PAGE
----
“In the course of five weeks, [in the Autumn of 1718] forty-nine pirates had swung from the gallows at White Point. Within a couple months, pirate Richard Worley and nineteen of his men met the same fate. While the leaves of White Point Gardens’ oaks calmly sway in the ocean breeze, their roots are feeding on the blood of pirates.” – Southern Spirit Guide
Virgin Fresh: An island beekeeping initiative – Images by Kathryn Wagner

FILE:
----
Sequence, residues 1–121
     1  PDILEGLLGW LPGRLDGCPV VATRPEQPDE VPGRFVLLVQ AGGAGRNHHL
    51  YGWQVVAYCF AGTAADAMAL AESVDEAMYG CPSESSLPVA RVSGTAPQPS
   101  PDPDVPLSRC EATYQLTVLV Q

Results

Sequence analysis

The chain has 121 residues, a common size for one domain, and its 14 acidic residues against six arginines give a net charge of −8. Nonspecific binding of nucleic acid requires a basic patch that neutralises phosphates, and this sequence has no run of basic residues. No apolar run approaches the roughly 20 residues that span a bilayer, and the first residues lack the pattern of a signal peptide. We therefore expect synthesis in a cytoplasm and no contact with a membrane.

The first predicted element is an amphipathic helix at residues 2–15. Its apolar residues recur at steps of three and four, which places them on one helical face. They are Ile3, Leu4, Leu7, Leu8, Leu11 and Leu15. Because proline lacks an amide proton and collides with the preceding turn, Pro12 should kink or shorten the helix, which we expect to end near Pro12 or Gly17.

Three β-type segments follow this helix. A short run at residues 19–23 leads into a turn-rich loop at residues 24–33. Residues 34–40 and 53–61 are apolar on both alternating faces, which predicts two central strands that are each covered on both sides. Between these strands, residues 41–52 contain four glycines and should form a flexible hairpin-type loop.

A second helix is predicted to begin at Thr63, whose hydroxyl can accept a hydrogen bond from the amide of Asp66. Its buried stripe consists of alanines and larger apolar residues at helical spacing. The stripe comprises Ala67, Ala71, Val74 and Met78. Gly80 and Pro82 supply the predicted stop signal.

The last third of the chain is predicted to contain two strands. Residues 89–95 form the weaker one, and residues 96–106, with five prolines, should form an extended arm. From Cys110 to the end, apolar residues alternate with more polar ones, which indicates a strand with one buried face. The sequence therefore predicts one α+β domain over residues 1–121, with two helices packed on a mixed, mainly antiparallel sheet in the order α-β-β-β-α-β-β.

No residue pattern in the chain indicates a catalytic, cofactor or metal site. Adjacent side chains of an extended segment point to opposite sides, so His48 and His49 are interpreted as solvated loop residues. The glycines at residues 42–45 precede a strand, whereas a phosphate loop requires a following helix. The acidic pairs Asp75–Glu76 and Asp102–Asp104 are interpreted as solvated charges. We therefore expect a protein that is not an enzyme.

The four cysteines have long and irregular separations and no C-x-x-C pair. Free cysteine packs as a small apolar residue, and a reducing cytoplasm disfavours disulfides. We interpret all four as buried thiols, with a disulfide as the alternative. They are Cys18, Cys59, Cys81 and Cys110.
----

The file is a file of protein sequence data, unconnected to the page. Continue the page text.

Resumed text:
This past winter I was fortuante to document an island wide beekeeping initiative on St. John. I was interested in the effort and the class because it attempts to tackle a unique problem to the islands: what can you do in a rural area with little land for agriculture? Tourism is definitely the island’s mainstay industry, but beekeeping is a small, yet unique solution, to the lack of local goods available. Bee hives do not require a large amount of land and they have a highly diversified portfolio of potential end products. Thus an interested bee farmer could have many hive on just one acre of land and host their own small industry in their backyard. The class was ten weeks long, and highly attended by many interested locals, who have gone on to begin raising their own hives. My hopes are with the many beekeepers that local honey, candles and beauty products – not to mention a new industry – will soon become available as a result of a beekeeper’s efforts.